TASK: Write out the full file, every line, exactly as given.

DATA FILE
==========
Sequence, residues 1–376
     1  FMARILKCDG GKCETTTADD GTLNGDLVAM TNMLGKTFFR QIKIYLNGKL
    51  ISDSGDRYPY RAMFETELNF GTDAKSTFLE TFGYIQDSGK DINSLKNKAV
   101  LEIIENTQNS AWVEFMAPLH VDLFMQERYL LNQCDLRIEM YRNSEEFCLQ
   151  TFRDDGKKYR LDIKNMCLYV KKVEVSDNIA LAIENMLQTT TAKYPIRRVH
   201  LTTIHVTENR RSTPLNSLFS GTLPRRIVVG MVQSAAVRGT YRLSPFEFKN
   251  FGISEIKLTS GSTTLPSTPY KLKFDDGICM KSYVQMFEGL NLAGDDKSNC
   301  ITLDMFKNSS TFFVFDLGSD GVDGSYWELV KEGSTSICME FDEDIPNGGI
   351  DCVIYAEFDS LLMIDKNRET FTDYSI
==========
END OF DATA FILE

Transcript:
Sequence, residues 1–376
     1  FMARILKCDG GKCETTTADD GTLNGDLVAM TNMLGKTFFR QIKIYLNGKL
    51  ISDSGDRYPY RAMFETELNF GTDAKSTFLE TFGYIQDSGK DINSLKNKAV
   101  LEIIENTQNS AWVEFMAPLH VDLFMQERYL LNQCDLRIEM YRNSEEFCLQ
   151  TFRDDGKKYR LDIKNMCLYV KKVEVSDNIA LAIENMLQTT TAKYPIRRVH
   201  LTTIHVTENR RSTPLNSLFS GTLPRRIVVG MVQSAAVRGT YRLSPFEFKN
   251  FGISEIKLTS GSTTLPSTPY KLKFDDGICM KSYVQMFEGL NLAGDDKSNC
   301  ITLDMFKNSS TFFVFDLGSD GVDGSYWELV KEGSTSICME FDEDIPNGGI
   351  DCVIYAEFDS LLMIDKNRET FTDYSI